young people’s needs, and with effective adult support.
The age section system enables the programme to be designed
specifically to meet the needs of young people at specific developmental
stages. The basic age section system can be described: pre-adolescents
(Cubs – under 11), adolescents (Scouts – 11 to 15), and post-adolescents
(Venture Scouts / Rovers – over 15).

Scout Method

The Promise and Law
The Promise and Law contain universal values and should be open to
personal interpretation. As youth progress they need to reflect more
deeply upon the underlying complexities of the Promise and Law.
The team system
The team system changes as the youth progress, with an increased
emphasis on independence and youth decision-making. The system
must be flexible and adaptable to the needs of the individual taking into
consideration the main strategy of the team. It should not be altered as
it was conceived from the needs of youth.
The symbolic framework
The symbolic framework is a tool in the character development process,
and it is also a powerful way for the internalisation and recognition of
values. It is one of the elements of the Scout Method. As far as the Rover
Section is concerned, the symbolic framework can be developed in a
different way (in a more complex dimension): combining both personal
development and social involvement by shifting the focus from a purely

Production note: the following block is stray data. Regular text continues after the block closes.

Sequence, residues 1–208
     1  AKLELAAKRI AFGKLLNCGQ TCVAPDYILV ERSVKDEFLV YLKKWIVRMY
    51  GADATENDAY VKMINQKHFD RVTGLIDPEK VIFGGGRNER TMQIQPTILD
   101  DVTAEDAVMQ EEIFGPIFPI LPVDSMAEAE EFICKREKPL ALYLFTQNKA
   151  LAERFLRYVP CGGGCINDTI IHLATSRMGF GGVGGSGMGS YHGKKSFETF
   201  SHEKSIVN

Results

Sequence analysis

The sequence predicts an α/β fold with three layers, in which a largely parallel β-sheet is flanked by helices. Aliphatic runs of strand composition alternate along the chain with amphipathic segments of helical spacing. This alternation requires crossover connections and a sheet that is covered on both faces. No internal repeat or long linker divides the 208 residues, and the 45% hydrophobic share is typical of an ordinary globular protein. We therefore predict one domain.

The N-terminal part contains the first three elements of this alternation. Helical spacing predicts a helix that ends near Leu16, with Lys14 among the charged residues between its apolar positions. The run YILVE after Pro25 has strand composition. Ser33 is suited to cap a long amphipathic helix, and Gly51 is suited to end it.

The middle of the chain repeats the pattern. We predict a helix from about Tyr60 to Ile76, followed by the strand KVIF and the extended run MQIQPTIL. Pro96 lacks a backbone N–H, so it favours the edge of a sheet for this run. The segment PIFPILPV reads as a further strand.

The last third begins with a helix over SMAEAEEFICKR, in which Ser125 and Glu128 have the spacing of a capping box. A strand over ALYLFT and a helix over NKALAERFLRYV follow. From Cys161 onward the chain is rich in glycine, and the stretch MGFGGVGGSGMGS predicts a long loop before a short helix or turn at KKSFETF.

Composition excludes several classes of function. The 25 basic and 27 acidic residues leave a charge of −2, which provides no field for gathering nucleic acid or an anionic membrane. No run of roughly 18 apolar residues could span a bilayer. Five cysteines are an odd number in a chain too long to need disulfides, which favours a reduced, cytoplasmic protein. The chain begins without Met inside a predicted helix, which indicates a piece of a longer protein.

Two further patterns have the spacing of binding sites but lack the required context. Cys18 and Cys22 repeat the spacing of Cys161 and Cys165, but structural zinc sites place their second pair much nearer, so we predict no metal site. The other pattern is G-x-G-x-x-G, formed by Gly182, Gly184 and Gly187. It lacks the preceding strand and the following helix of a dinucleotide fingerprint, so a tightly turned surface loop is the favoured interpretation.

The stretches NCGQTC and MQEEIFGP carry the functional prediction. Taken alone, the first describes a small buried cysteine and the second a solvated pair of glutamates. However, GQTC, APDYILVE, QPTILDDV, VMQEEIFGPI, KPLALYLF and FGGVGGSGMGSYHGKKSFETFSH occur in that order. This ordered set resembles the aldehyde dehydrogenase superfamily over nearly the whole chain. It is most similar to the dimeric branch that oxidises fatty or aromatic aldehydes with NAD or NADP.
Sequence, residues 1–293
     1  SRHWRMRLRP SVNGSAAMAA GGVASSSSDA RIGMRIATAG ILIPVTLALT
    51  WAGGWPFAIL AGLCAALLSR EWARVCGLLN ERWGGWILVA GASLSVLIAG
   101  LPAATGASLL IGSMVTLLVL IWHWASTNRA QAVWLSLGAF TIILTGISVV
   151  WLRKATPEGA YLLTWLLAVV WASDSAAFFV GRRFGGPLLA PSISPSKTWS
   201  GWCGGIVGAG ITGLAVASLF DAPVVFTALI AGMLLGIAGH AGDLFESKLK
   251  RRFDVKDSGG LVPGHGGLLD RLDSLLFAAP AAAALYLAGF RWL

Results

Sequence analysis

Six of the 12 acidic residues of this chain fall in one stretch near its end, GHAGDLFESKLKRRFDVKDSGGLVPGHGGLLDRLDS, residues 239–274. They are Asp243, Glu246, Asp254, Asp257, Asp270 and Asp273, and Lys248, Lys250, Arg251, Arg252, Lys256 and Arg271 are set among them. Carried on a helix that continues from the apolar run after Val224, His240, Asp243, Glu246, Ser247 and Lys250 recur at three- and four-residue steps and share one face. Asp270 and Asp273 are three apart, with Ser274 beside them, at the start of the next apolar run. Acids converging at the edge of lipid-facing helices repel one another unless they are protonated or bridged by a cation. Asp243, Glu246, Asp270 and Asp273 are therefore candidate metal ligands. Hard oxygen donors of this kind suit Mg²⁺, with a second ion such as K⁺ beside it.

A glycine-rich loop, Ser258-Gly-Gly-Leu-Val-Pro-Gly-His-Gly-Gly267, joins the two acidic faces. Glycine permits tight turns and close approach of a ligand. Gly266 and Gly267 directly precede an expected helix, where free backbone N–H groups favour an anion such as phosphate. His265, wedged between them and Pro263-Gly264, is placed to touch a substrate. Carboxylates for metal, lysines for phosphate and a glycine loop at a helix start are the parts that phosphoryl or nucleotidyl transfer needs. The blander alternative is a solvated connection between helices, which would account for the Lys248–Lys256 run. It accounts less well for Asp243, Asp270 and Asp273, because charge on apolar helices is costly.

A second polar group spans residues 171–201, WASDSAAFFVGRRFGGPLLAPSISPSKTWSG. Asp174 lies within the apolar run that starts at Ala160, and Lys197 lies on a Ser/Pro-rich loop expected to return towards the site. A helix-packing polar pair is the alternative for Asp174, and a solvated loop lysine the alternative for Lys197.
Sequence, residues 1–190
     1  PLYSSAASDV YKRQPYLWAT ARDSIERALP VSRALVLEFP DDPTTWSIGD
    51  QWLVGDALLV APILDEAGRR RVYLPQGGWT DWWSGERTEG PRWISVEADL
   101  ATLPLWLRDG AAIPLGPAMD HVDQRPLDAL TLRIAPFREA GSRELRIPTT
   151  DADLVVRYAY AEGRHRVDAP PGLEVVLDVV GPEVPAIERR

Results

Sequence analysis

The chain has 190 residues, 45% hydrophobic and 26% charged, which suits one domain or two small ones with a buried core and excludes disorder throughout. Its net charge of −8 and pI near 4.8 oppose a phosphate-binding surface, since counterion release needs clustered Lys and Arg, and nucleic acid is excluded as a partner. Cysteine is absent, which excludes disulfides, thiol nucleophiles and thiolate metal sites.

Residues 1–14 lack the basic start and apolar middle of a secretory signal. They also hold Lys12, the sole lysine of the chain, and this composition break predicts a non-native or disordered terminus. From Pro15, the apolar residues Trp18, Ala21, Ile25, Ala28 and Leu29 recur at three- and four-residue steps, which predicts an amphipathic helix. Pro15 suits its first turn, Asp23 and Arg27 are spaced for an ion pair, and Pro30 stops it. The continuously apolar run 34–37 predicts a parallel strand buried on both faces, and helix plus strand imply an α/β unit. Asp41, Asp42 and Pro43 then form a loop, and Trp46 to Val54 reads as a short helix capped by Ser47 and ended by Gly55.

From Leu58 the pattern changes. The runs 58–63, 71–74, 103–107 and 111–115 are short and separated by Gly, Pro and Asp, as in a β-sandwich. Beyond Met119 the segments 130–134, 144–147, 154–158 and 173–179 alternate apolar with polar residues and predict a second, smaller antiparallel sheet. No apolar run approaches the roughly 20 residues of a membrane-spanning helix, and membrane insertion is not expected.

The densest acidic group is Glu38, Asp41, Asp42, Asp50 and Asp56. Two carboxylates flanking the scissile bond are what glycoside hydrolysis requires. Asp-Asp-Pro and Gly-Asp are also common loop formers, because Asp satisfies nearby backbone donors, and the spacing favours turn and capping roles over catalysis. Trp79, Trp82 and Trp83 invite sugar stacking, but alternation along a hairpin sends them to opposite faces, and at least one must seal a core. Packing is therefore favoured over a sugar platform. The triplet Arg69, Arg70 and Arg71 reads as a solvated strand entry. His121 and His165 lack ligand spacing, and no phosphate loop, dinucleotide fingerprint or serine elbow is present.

imaginary world to a primarily real one based on the individual view of
the community.

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Living within and conserving nature are two of the key components of
the Scout programme. In Rovers, as in the younger sections, the duality
of these components should be emphasized and should become a way
of life.
Learning by doing
Learning by doing is in the Scout Method. As the youth progress, the
emphasis shifts from learning by playing to learning by participating in
all activities. Long-term projects become more important than shortterm games, taking into consideration the necessity of finding an
objective means of consistent evaluation and improvement.
Scouting is a progression from childhood to adulthood. At the postadolescent stage this progression leads to accomplishing and applying
more complex adult skills with the aim of preparing the young adults
for their expected role in society in all aspects of life.
Role of adults
Adults in Scouting, and in particular in the Rover Section, do not only
play the role of advisors, but also that of guides. In this age section,
adults are aptly called educators because they have to know how to set
milestones along the Rover path, educate Rovers to distinguish good
from evil and the essential from the superfluous, and at the same time
give them the freedom to make their own choices.

Summary of

Workshops were held on elements of the Scout method.
Values – Scout Promise and Law
The workshop discussed how values develop, the influences on those
values and how those values are reflected in our behavior. The
relationship that National Scout Organizations have with organized
religion and how it varies in different countries. Principles on spiritual
development, expanded beyond a religious perspective (spiritual does
not equal religious). ‘Living out’ the law and promise can be achieved
through simple actions. Many external influences to contend with
(media, faith groups, money).
Adult Support
Discussion on the needs of programme providers and the role of adults
in the Rover programme. Preparation of a job description that discusses
issues such as how the individual is there to offer support and requires